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Morphology of the mouthparts of larval lobsters, homarus americanus (decapoda: nephropidae), with special emphasis on their setae

J R Factor
Biological Bulletin 1978, 154 (3): 383-408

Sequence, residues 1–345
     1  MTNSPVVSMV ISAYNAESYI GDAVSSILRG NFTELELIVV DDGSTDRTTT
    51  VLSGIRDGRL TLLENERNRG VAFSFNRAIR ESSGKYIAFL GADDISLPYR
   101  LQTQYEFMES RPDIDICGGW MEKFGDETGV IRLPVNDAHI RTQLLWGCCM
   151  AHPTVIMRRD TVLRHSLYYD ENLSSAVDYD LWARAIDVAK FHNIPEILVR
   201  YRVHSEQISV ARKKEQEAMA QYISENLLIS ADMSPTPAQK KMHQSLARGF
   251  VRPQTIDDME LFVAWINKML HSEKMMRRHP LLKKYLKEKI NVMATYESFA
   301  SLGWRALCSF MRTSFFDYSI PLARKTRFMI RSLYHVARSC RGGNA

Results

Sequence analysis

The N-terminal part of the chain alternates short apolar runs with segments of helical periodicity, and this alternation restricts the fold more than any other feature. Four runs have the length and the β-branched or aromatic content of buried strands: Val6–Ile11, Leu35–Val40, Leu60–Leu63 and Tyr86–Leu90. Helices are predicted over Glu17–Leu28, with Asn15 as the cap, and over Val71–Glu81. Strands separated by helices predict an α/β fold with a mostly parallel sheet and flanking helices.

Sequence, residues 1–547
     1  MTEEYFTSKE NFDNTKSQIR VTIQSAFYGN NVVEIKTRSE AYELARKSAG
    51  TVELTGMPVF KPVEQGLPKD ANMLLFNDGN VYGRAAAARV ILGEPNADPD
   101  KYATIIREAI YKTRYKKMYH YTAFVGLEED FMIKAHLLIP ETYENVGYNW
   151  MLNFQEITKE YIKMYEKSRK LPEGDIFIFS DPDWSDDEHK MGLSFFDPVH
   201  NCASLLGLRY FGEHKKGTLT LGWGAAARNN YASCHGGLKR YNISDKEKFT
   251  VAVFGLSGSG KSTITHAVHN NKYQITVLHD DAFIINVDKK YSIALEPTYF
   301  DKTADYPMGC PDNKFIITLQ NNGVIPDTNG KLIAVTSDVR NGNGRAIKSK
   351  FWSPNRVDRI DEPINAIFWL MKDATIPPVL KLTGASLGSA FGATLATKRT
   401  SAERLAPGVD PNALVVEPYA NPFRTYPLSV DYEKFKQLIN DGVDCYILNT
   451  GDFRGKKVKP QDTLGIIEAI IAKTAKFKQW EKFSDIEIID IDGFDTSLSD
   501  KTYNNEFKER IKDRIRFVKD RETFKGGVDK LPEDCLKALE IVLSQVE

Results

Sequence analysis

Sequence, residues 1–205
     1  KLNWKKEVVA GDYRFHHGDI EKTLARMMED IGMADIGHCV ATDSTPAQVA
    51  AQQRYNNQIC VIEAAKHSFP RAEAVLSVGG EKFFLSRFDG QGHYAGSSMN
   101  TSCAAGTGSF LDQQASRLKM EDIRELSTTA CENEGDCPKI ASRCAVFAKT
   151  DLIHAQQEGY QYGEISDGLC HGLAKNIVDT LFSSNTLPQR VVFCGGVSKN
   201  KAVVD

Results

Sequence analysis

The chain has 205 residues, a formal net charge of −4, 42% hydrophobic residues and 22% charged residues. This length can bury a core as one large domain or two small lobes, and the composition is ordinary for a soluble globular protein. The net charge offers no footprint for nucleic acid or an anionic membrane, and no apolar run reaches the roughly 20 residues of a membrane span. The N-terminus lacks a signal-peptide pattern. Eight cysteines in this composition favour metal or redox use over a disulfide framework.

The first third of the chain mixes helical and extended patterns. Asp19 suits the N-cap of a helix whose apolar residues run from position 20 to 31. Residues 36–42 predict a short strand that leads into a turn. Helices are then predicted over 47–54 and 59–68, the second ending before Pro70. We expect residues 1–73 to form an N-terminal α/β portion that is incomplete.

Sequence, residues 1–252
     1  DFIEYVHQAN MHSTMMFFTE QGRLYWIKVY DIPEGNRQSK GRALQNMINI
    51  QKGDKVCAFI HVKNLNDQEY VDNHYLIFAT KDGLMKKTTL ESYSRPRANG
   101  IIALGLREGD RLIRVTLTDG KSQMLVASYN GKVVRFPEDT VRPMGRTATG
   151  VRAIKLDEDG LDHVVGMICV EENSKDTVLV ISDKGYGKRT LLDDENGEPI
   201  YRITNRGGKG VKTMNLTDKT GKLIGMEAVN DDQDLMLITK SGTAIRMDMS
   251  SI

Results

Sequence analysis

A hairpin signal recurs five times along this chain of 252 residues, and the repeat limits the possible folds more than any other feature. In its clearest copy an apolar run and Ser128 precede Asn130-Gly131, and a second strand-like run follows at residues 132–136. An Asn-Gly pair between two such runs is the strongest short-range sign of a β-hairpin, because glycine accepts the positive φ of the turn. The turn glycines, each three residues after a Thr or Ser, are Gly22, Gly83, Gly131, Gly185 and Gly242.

1. This study provides a detailed account of the morphology of the mouthparts of larval lobsters (Homarus americanus) and the setae they bear. The results describe the types of setae found on the mouthparts, present a scheme for their classification, describe the distribution of the various setal types, and present observations of interesting or previously overlooked features of the mouthparts themselves. 2. A scheme of classification (based on the external morphology of the setae, particularly the nature and distribution of the setules) has been devised to describe and categorize the types of setae found on the mouthparts. The setal complement may be arranged into ten major categories, in some of which the variation is sufficient to warrant subdivision into several types of setae. 3. Detailed descriptions of the mouthparts and the distribution of their setae are presented and major developmental trends are noted. Changes in the mouthparts which occur as lobsters pass through the first four stages generally include increases in the size of mouthparts and in the number of setae they bear. Of special interest is the transformation of the comparatively delicate teeth of the first-stage mandible into the massive molars of the fourth stage. The coordinated development of teeth on the gnathal lobe of the mandible and on the ischium of the third maxilliped emphasizes the coordinated manner in which these appendages function. It is evident that the development of the mandibles and third maxillipeds enables lobsters to deal successfully with the more substantial food they encounter in the benthic environment, which they usually enter at the fourth or fifth stage. 4. The various functions and possible functions (for example, chemosensory, tactile, and mechanical) of the setae borne on the mouthparts are discussed in light of the available functional and physiological evidence. The possibility of filter feeding in lobsters, particularly in the constantly-swimming, planktonic larval forms, is considered.


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